Potency and safety analysis of hemp-derived delta-9 products: The hemp vs. cannabis demarcation problem

A Cannabis Social Club (CSC), sometimes called Cannabis Club, Cannabis Association, or Teapad, is a type of cannabis retail outlet, an industry model for regulated cannabis[1] organised as non-profit cooperatives in which cannabis is cultivated, shared, and enjoyed collectively, usually for the purpose of relaxing or for social communion.

These places differ from standard cannabis dispensaries, or Dutch coffeeshops, in that those are operating in a for-profit basis open to all adults, whereas Cannabis Clubs operate on non-profit grounds and only allow access to registered members.[2] Research suggests that CSCs can have positive outcomes in terms of public health and harm reduction.


1920s and the early concept in Northern America

Cannabis consumers clubs became popular in the United States during prohibition. Cannabis was often used as a legal intoxicant since alcohol was illegal.[3] Teapads were developed as clubs in urban areas where jazz music was performed and cannabis was consumed.[4]

Teapads usually catered to those in the jazz scene and were usually furnished comfortably, often playing jazz music.[5] Music in homage from these clubs arose; Gene Krupa even composed an entire album named "Teapad Songs Volume 1".[6]

These clubs disappeared after cannabis became illegal, although some groups (such as the early San Francisco Cannabis Buyers Club) continued to operate a model with similar tenets.

2000s and the European model

During the 1990s and early 2000s, an important number of "cannabis users associations" appeared in Spain, mostly the Basque country and Catalonia regions.[7] Many of these Spanish groups were members of the pan-European non-government organization ENCOD[8][2] which coined the expression Cannabis Social Club in 2005, as a way to better describe the conceptual economic and organizational model of these groups, associating it with the ethos of non-profit cooperatives.[9] The term was also thought as a way to enable the normalization of this model for the legal production and distribution of cannabis for adults.[10][11]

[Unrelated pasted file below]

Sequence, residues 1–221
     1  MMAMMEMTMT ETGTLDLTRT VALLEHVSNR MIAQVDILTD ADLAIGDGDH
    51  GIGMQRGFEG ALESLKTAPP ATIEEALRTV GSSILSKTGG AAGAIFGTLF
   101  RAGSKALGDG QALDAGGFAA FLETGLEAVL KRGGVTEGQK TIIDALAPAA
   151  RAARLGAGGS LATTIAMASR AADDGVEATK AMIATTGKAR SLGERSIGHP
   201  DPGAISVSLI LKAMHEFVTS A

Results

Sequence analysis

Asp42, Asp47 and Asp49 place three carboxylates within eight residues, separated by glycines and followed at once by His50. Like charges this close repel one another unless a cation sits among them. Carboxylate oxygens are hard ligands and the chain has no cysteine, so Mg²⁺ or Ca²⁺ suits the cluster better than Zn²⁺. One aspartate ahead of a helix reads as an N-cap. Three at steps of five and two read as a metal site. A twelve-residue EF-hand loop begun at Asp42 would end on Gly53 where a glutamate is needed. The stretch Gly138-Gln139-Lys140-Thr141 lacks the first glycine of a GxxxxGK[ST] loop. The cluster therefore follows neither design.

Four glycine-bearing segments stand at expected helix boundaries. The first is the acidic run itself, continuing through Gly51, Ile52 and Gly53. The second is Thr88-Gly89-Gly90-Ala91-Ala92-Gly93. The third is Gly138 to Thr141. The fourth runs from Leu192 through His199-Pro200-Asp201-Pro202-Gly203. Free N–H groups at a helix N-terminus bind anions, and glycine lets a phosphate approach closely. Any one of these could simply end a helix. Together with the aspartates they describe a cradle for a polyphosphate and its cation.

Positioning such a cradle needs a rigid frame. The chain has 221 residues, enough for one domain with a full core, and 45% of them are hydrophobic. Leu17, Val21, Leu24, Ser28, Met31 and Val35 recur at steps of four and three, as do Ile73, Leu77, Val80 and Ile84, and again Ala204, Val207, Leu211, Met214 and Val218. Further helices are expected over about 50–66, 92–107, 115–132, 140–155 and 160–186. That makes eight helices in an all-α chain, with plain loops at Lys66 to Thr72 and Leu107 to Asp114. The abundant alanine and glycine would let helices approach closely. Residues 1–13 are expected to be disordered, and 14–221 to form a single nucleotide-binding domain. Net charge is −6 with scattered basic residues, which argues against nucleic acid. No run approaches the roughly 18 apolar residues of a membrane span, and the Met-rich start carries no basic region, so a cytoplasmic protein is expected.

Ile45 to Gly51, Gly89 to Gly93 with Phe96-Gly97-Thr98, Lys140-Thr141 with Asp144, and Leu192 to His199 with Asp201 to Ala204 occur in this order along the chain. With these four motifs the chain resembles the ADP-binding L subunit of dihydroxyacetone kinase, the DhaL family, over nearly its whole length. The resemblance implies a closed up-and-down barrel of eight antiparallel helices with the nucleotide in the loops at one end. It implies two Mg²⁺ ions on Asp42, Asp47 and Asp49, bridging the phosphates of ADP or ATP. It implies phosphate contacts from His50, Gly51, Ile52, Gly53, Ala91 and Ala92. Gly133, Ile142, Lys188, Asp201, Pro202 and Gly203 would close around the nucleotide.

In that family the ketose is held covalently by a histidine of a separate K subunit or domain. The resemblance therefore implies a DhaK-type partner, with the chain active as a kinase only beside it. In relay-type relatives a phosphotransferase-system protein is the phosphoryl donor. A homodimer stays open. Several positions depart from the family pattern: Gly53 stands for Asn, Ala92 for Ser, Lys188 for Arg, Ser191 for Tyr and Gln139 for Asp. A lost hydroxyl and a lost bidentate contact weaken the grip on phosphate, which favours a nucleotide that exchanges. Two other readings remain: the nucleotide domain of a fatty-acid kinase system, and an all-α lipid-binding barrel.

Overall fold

Cannabis Social Clubs as developed in Spain are non-commercial organizations which organize the professional, collective cultivation of very limited amounts of cannabis, just enough to cover the personal needs of their club members.[12]

Cultivation, transport, distribution and consumption are subject to security and quality checks, and are done without publicity or advertisement of any kind. The members finance the system by subscriptions, according to their needs. Each member gets a value card with units, according to their credit, with a maximum limit per month and per year. The members are prohibited from reselling any cannabis obtained from the club, and are required to ensure that it is not consumed by minors.[13] In their European Cannabis Social Club Guidelines,[14] ENCOD explains:

CSCs are characterised by transparency, democracy and non-profitability. They function as an association, with complete openness about financial arrangements to their members, so the members can see how the costs are calculated and the money is spent. CSC's organise a general assembly at least once a year, where annual reports are discussed and approved. These reports include a full balance of income and expenses in the past fiscal year, according to the rules established for this purpose. A CSC is not a business in which there are economic benefits that are used for personal profit. The benefits are not shared between the partners, and therefore, it could be less attractive to criminal structures. Unlike cannabis distributors who operate on the illegal market, CSC's are willing to enter into dialogue with authorities to provide insight into their working methods, in the framework of the elaboration of regulation of cannabis.[14]